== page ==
European Turtle Dove
The European Turtle Dove (Streptopelia turtur), also known as Turtle Dove, is a member of the bird family Columbidae, which includes the doves and pigeons.
It is a migratory species with a southern Palearctic range, including Turkey and north Africa, although it is rare in northern Scandinavia and Russia. It winters in southern Africa.
According to the State of Europe's Common Birds 2007 report, the European Turtle Dove population in Europe has fallen by 62% in recent times. This is partly because changed farming practices mean that the weed seeds and shoots on which it feeds, especially Fumitory, are more scarce, and partly due to shooting of birds in Mediterranean countries during their migration.
Smaller and slighter in build than other doves, the European Turtle Dove may be recognised by its browner colour, and the black-and-white-striped patch on the side of its neck. The tail is notable as the bird flies from the observer; it is wedge shaped, with a dark centre and white borders and tips. When viewed from below, this pattern, owing to the white under-tail coverts obscuring the dark bases, is a blackish chevron on a white ground. This can be seen when the bird stoops to drink and raises its spread tail.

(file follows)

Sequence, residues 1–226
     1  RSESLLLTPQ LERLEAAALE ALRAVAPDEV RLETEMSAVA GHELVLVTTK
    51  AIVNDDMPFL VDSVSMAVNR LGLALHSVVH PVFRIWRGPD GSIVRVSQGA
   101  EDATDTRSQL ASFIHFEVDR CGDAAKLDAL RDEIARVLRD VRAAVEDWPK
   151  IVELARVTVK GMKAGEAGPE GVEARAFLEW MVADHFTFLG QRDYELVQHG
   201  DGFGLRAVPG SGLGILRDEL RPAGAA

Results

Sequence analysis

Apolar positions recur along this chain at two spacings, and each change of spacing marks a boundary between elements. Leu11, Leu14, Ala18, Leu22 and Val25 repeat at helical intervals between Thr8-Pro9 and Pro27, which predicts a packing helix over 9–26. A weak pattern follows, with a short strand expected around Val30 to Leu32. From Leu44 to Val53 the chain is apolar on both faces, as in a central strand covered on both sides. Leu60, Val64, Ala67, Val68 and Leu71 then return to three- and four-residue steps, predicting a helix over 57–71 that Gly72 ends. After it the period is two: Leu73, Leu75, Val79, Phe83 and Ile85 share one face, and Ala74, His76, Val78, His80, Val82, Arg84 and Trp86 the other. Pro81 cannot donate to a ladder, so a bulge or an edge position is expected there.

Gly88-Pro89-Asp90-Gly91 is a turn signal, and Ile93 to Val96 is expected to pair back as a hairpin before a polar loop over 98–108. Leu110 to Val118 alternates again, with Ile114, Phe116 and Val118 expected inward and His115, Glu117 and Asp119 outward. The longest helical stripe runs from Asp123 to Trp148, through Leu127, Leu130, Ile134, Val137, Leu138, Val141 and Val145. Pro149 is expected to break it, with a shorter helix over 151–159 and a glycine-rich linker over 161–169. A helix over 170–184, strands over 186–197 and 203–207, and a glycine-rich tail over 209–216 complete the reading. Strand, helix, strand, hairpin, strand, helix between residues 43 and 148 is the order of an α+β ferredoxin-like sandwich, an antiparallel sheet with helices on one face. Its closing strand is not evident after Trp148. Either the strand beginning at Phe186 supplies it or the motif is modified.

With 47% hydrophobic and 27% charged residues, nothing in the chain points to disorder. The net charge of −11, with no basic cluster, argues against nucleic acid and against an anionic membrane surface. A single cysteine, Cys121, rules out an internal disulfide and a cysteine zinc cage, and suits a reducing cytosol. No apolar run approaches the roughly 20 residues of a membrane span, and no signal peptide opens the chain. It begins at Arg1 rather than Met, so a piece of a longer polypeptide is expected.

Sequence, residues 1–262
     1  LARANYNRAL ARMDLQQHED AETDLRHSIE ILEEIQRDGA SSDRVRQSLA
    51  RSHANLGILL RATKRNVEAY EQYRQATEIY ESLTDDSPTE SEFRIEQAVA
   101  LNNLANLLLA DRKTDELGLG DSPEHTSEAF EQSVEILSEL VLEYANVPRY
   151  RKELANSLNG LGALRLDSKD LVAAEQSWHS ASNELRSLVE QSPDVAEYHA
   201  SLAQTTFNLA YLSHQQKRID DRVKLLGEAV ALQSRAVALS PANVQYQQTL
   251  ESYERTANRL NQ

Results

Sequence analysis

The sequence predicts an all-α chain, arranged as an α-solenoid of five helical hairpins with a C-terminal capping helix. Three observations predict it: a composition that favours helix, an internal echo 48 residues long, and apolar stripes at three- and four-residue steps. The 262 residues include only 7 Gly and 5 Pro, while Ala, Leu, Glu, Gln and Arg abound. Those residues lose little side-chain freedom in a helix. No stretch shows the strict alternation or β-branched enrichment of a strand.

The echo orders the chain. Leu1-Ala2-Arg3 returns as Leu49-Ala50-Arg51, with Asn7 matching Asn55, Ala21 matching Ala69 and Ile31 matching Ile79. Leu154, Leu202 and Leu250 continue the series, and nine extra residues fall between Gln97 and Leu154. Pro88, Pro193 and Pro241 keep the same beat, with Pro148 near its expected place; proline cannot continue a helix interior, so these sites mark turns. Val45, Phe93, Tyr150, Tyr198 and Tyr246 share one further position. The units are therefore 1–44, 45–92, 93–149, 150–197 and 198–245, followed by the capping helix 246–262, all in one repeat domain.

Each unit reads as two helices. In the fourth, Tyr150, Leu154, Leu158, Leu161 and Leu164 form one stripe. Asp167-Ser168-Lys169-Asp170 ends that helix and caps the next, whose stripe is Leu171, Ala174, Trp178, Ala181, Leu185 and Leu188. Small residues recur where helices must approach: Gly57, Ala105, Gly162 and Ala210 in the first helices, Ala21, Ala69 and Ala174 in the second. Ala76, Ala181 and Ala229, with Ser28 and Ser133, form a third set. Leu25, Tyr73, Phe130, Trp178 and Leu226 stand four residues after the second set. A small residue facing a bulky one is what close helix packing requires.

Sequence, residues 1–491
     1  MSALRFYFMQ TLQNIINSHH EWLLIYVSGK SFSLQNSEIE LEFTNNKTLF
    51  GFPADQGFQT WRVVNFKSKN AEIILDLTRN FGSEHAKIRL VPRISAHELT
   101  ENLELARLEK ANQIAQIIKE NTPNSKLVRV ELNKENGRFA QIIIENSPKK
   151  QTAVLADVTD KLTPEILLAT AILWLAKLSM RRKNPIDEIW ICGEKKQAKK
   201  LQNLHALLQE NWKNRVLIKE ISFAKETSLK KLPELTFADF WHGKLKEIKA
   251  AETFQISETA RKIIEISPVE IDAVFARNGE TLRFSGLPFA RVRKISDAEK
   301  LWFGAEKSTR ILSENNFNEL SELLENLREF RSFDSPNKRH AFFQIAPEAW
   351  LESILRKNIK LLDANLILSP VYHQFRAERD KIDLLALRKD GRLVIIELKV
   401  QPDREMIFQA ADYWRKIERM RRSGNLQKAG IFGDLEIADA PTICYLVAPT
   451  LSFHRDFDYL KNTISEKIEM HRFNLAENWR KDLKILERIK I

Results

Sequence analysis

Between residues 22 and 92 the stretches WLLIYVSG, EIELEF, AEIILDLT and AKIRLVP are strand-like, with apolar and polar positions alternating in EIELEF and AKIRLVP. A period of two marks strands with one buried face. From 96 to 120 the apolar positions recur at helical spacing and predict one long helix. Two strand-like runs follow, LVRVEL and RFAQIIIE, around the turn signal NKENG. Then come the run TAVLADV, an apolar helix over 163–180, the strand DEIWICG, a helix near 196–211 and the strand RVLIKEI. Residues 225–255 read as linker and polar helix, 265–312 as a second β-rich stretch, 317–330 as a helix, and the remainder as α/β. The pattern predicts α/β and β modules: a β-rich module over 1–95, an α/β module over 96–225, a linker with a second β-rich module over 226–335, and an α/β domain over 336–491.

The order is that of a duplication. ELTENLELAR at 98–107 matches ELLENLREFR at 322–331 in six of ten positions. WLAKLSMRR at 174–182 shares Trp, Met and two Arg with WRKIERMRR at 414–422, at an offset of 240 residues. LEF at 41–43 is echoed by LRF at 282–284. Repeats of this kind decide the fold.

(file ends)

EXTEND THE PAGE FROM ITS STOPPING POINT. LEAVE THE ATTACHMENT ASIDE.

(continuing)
The mature bird has the head, neck, flanks, and rump blue grey, and the wings cinnamon, mottled with black. The breast is vinaceous, the abdomen and under tail coverts are white. The bill is black, the legs and eye rims are red. The black and white patch on the side of the neck is absent in the browner and duller juvenile bird, which also has the legs brown.
The European Turtle Dove, one of the latest migrants, rarely appears in Northern Europe before the end of April, returning south again in September.
It is a bird of open rather than dense woodlands, and frequently feeds on the ground. It will occasionally nest in large gardens, but is usually extremely timid, probably due to the heavy hunting pressure it faces during migration. The flight is often described as arrowy, but is not remarkably swift.
The nuptial flight, high and circling, is like that of the Common Wood Pigeon, but the undulations are less decided; it is accompanied by the whip-crack of the downward flicked wings. The arrival in spring is heralded by its purring song, a rather deep, vibrating “turrr, turrr”, from which the bird's name is derived. Despite the identical spelling, the "turtle" of the name, derived from Latin turtur, has no connection with the reptile; "turtle" in that case came originally from Late Latin tortuca.